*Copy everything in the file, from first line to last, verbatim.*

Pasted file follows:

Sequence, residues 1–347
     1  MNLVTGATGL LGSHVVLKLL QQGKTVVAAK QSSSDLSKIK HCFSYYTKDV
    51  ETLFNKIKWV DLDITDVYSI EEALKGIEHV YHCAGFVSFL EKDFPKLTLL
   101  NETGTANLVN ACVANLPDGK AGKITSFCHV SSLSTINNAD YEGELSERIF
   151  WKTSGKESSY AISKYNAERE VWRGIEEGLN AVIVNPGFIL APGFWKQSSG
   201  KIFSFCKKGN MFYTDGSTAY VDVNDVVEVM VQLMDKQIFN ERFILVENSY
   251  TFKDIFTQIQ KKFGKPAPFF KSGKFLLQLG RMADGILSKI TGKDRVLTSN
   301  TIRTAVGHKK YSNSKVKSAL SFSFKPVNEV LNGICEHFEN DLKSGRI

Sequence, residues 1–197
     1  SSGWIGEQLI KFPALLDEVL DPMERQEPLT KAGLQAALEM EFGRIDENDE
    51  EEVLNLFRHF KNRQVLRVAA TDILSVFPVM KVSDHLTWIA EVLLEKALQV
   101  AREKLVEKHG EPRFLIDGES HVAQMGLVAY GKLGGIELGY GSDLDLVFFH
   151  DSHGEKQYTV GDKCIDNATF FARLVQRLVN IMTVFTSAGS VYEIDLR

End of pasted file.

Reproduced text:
Sequence, residues 1–347
     1  MNLVTGATGL LGSHVVLKLL QQGKTVVAAK QSSSDLSKIK HCFSYYTKDV
    51  ETLFNKIKWV DLDITDVYSI EEALKGIEHV YHCAGFVSFL EKDFPKLTLL
   101  NETGTANLVN ACVANLPDGK AGKITSFCHV SSLSTINNAD YEGELSERIF
   151  WKTSGKESSY AISKYNAERE VWRGIEEGLN AVIVNPGFIL APGFWKQSSG
   201  KIFSFCKKGN MFYTDGSTAY VDVNDVVEVM VQLMDKQIFN ERFILVENSY
   251  TFKDIFTQIQ KKFGKPAPFF KSGKFLLQLG RMADGILSKI TGKDRVLTSN
   301  TIRTAVGHKK YSNSKVKSAL SFSFKPVNEV LNGICEHFEN DLKSGRI

Sequence, residues 1–197
     1  SSGWIGEQLI KFPALLDEVL DPMERQEPLT KAGLQAALEM EFGRIDENDE
    51  EEVLNLFRHF KNRQVLRVAA TDILSVFPVM KVSDHLTWIA EVLLEKALQV
   101  AREKLVEKHG EPRFLIDGES HVAQMGLVAY GKLGGIELGY GSDLDLVFFH
   151  DSHGEKQYTV GDKCIDNATF FARLVQRLVN IMTVFTSAGS VYEIDLR